Competing Employees Inhibit Social Growth
One of the pillars of a social business is the sharing of knowledge. This is supported by the free flow of information (a second pillar) and transparency (a third pillar).
We need these pillars in order to be successful in our mission to socialize a business. But, what if our organised and planned disruption gets disrupted by ever increasing competition among employees.
A study done by Tempo-Team (Dutch text) in the Netherlands showed that, according to one in three employees, the tension and individual competition was worse than in 2012.
The perpetuating financial crisis in Europe is cited as the main cause for this negative disruption.
Employees face a greater workload and greater job insecurity. This, inevitably leads to more stress and competition. The personal crisis doesn’t end when the employee leaves work either, the stress is brought home where it gets a chance to build up.
This leads, in some cases, to people taking sick days, or worse, burn outs. Which can be very costly for employers.
Because the employees are more pessimistic about their future they tend to view their colleagues as rivals, instead of collaborators or peers. The company doesn’t see this, because its focus lies elsewhere (survival?).
The chain reaction which is set off by this behaviour is devastating for a company and the individual employee.
Here’s the cycle:
- Bad times leads to higher work pressure
- Higher work pressure leads to stress (and sickness)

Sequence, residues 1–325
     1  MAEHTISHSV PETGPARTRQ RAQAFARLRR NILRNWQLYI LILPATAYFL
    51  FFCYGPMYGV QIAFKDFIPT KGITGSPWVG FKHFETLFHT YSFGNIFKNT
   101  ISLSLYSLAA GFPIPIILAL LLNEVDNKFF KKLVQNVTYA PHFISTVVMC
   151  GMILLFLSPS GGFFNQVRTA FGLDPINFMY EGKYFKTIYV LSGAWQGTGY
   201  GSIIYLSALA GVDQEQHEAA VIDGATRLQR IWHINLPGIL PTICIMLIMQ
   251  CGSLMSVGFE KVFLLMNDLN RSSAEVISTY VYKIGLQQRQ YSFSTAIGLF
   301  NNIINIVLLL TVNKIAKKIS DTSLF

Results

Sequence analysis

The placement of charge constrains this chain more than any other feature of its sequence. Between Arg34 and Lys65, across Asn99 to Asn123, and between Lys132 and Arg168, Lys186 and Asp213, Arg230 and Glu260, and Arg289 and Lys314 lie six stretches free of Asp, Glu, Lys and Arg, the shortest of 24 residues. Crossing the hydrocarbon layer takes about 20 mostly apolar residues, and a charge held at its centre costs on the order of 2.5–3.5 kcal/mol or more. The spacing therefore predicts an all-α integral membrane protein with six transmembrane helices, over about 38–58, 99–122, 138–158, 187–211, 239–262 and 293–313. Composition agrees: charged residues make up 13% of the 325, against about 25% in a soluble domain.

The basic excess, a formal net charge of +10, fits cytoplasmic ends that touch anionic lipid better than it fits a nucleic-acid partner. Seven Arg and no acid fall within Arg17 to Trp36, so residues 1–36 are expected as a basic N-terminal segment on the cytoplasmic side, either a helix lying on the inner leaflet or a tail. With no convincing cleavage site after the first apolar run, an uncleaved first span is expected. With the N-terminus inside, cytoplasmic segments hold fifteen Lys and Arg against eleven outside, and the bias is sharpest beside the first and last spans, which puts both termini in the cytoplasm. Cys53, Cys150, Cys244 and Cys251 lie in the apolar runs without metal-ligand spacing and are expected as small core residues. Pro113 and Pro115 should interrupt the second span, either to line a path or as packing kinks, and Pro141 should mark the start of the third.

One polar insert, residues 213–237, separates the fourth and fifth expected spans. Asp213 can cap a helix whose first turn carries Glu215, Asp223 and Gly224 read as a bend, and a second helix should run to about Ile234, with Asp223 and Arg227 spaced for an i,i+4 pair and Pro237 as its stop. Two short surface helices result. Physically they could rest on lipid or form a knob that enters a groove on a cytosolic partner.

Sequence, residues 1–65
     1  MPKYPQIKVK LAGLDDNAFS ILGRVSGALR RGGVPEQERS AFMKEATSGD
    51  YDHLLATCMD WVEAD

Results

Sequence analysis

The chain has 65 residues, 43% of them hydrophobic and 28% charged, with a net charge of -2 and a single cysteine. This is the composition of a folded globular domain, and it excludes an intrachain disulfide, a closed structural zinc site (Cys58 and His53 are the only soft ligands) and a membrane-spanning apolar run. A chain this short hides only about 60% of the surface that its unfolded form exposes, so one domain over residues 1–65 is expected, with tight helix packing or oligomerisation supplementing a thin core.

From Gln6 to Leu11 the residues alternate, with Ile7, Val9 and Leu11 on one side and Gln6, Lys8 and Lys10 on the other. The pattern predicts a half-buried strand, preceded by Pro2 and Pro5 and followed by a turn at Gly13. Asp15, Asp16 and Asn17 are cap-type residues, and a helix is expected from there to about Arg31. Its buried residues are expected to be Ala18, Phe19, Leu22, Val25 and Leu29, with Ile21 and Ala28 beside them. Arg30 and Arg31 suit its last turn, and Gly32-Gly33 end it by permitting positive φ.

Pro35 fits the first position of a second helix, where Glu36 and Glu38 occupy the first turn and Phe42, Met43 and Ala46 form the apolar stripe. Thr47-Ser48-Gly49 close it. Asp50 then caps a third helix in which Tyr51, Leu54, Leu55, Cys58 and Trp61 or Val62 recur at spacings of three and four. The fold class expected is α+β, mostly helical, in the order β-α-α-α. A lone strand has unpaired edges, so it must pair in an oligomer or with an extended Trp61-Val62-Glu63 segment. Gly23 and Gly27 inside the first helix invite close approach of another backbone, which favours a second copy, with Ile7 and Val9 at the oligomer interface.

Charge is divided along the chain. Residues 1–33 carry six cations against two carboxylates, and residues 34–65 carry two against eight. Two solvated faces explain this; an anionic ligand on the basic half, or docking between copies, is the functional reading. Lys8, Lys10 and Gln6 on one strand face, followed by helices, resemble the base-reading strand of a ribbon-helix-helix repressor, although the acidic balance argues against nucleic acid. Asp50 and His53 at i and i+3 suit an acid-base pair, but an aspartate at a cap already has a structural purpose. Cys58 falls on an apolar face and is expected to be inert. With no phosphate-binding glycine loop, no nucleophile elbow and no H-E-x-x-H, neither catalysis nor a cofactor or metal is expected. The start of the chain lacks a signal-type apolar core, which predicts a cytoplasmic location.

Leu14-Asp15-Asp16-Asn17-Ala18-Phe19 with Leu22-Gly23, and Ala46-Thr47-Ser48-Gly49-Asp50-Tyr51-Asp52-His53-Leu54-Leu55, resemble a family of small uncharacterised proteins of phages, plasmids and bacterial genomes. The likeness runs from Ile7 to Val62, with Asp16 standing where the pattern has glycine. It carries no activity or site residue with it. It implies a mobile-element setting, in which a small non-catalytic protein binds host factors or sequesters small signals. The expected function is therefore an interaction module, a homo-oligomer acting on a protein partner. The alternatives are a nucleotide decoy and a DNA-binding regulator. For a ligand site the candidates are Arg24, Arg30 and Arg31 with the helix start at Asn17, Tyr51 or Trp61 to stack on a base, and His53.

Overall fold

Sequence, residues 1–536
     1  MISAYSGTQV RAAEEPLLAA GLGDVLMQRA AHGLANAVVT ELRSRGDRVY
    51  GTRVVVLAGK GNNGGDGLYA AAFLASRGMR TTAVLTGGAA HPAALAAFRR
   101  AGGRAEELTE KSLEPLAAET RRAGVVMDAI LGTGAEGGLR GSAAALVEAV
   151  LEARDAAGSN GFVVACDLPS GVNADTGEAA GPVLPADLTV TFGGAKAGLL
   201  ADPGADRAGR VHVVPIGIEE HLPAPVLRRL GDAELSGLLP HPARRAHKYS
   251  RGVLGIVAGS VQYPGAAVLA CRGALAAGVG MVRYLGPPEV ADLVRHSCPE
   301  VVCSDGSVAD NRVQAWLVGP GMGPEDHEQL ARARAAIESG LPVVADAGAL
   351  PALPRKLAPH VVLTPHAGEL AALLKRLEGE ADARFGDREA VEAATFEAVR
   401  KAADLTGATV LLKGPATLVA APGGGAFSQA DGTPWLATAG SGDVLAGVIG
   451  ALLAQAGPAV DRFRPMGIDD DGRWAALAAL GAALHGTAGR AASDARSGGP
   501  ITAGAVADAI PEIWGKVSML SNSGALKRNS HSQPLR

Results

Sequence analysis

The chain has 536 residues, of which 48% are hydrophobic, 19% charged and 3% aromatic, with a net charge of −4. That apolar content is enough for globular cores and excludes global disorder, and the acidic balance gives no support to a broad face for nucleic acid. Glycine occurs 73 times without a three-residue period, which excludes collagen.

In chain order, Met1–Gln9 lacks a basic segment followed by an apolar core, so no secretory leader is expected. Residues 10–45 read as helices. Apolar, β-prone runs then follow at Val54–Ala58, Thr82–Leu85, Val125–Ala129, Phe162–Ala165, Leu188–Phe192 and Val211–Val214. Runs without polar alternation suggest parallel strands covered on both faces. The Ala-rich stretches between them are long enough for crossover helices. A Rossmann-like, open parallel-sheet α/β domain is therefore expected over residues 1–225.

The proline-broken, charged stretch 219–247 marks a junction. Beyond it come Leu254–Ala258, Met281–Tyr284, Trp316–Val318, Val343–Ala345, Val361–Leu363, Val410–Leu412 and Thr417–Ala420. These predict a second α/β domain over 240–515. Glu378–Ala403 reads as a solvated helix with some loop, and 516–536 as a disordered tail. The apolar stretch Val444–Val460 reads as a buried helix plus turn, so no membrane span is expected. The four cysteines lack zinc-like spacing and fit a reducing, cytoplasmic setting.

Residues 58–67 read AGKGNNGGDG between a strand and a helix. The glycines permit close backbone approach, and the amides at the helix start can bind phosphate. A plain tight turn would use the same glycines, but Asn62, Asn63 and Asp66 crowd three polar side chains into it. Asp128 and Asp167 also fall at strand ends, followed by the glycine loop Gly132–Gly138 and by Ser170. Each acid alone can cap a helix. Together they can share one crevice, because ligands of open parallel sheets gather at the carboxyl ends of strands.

- Chance of being laid off leads to (negative) employee competition
- Employee competition leads to:
- Hoarding of knowledge
- Withholding expertise
- Office politics
- Less communication
You can imagine this doesn’t end well.
For the company all this means:
- More sick days
- No problem solution
- No innovation
- No constructive discussions
- No flexibility
- Top employees leaving (bad employee retention)
It’s undeniable that one thing leads to another. And when negatives are reinforced, the downward spiral becomes bigger and stronger.
You hear that Mr. Anderson?… That is the sound of inevitability… It is the sound of your death… Goodbye, Mr. Anderson…
- Agent Smith -
Turn It Around
When a crisis hits, some companies dig a trench, put on a helmet and hope for the best. Ride out the storm. Others invest, take the opportunity to change for the better.
It’s the latter you want to be. And for that to happen you need the support of your employees. Their commitment to your company will make the difference between success and failure. Competing employees only leaves you with small enclaves of knowledge, stuck on a thumb drive or in somebody’s head.
Becoming a social business can prevent you from making tough decisions during a crisis. Instead of competing employees, you will have co-operating employees.
It may sound Utopian or maybe scary (Borgian), but the collective mind of a company will always know more than any individual (including top management).
A collective can also be more flexible, more intuitive, more aware and more responsive to critical questions from management.
Let’s face it, when a company is in dire straits, the chances of finding solutions within the company hive-mind are far greater than finding outside help or any individual within the company.
The difficulty lies in the beginning. We don’t want to change unless we are forced to change. The current crisis is a good example for a reason to change. And yet, many companies do not.
You can turn things around without to much pain. Just ask your employees what to do, or what they’re willing to do and under what conditions are they’re willing to do it.
If you don’t ask, you don’t know. It might look weak, but good leaders ask for as much input as they can get.
In a solid social business environment you don’t even have to ask. Issues will get noticed and reported somewhere down the line. Then, co-operating colleagues might find a solution before the issue becomes a problem. Preventing that problem from becoming a crisis.
Just think about it.., it makes sense.
(Note: Opinions expressed in this article and its replies are the opinions of their respective authors and not those of DZone, Inc.)